Cannabis Can Lead To Visual Impairment, Study Shows

There have been numerous studies about the health benefits of Cannabis use. However, research has shown that its long term consumption can lead to visual impairment.

Cannabis is currently being used for recreational, medicinal and religious purposes. Nationwide legalizations of the herb have led to its increased availability in the market. This has also caused an exponential increase in its daily use.

Over the years, numerous studies have been conducted to determine the health and medicinal benefits of cannabis use. THC and CBD are two major components of the herb responsible for the widespread side effects and benefits of its consumption.

Also read: Illinois’ Cannabis Tax Revenue Touches $52 million Mark After Six Months Only

Several animal and human based studies have pointed towards potential use of cannabis for treating different diseases, including cancer and the Coronavirus infection. However, research has shown that it may also cause visual impairment in the long run.

The Study

A French Study focused on determining the effects of cannabis use on retinal ganglion cells (RGCs). The research consisted of 52 participants that included 28 regular cannabis users. These were the ones who smoked the herb at least once every day.

A retinal ganglion cell can be classified as a neuron that is located near the retina. It is responsible for receiving visual information sent by photoreceptors, through two middle neurons. The cells then process this information, allowing you to see.

The study showed that regular use of Cannabis caused a delay in the transmission of signals by RGCs. This could be considered an early sign of visual impairment. However, the experts stressed that more research needs to be conducted for definitive results. These effects might have been purely circumstantial. Further, the researchers also said that the evidence is not conclusive and the link between cannabis use and visual impairment is not very strong.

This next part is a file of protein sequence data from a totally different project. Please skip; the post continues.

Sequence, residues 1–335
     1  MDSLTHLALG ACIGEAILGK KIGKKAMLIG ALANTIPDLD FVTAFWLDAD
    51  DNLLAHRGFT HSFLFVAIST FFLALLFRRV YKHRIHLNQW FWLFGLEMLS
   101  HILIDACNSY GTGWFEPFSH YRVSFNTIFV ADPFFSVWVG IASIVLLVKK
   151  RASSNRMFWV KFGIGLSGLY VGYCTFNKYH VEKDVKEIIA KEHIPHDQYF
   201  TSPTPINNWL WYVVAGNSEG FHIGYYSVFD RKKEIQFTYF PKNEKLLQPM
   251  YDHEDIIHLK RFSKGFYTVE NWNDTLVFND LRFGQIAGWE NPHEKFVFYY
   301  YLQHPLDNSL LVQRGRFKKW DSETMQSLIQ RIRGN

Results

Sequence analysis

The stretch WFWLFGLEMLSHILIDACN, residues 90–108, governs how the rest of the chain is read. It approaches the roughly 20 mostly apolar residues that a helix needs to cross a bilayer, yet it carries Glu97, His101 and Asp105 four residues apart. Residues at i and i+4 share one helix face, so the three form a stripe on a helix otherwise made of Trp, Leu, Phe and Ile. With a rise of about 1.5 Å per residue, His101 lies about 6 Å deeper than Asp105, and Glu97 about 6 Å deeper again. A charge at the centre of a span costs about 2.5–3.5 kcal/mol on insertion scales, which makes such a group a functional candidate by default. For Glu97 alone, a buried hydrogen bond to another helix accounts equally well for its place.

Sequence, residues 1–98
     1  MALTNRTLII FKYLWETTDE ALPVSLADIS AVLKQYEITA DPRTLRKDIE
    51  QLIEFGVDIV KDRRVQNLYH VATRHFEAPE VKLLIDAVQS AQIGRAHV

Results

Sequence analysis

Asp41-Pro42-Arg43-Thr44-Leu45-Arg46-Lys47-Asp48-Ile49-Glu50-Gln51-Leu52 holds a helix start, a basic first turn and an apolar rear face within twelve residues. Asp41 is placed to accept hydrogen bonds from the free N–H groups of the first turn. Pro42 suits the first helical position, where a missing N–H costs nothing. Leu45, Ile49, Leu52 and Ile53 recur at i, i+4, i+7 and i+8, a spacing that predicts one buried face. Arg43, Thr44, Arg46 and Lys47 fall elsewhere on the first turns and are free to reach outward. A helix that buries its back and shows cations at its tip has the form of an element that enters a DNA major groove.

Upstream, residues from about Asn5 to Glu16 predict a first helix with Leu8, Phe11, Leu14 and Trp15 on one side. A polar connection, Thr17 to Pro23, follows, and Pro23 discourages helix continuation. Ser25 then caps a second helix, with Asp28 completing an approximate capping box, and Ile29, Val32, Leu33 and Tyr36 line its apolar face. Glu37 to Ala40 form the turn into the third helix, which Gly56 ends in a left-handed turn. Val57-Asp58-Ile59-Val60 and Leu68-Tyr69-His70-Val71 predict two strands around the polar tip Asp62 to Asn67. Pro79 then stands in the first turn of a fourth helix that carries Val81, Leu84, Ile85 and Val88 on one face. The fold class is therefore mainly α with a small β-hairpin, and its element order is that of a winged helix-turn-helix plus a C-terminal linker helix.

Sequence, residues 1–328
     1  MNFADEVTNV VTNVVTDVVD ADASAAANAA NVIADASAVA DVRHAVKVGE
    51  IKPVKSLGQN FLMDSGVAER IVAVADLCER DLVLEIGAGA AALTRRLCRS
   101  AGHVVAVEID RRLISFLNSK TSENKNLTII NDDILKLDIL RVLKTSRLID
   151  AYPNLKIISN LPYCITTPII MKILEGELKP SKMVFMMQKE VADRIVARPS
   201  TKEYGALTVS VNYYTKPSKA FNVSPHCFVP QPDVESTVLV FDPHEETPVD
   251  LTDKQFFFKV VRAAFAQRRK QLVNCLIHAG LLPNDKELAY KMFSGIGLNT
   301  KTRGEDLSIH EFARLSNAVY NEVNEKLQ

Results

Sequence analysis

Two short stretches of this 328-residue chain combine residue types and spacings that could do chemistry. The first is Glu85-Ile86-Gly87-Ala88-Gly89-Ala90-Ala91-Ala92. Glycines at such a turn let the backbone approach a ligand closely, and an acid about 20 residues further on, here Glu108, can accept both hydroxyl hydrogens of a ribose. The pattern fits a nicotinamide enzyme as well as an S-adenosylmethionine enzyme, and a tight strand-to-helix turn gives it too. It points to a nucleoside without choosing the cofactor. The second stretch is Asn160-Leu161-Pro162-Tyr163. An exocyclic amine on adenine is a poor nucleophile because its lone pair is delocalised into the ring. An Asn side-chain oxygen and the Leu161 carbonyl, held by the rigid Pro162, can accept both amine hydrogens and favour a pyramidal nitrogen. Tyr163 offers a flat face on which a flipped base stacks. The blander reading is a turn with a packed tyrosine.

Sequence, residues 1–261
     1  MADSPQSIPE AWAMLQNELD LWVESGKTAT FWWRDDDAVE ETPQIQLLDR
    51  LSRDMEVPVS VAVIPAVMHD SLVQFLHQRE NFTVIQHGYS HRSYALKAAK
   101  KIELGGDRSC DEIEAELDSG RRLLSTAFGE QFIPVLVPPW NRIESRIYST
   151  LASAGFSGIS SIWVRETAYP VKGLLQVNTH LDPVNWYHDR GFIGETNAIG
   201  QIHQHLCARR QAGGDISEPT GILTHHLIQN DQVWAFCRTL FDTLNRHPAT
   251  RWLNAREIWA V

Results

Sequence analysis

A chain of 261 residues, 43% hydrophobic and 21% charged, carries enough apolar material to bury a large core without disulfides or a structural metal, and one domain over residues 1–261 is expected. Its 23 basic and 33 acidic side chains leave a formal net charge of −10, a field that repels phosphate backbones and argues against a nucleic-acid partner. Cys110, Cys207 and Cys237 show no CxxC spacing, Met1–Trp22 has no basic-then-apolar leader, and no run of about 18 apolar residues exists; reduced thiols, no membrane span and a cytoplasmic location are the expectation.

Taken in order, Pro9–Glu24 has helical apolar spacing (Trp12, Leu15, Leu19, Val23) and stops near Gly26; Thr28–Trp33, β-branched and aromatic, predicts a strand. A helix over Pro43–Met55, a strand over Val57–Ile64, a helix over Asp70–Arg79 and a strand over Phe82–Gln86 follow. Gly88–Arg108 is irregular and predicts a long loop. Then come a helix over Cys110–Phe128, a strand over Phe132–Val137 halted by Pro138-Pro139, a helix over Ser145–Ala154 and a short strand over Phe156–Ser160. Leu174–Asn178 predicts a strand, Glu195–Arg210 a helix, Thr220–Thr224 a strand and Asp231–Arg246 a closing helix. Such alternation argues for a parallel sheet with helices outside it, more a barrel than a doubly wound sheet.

Dr. Vincent Laprevote, author of the study, said that his research team still has to measure the delay and determine if the effects are permanent or temporary.

Also read: ODC grants MGC Pharmaceuticals a Cannabis Research Cultivation Permit


Previous research has shown that cannabis is linked to disruption of the human nervous pathways. To see if the signaling delay was caused by the impact on nervous signaling, the team carried out neural signaling tests on cannabis smokers and nonsmokers. The results were then compared to determine the differences between the two groups.


The tests showed that the regular smokers experienced a 10 millisecond delay in the RCG signaling.

The findings were published in a science journal, JAMA Ophthalmology. The study concluded that even though cannabis use caused a delay in visual information signaling, it did not necessarily mean that it will result in visual impairment. Further research needs to be done before a conclusive decision is made.

Mariyam Tanveer

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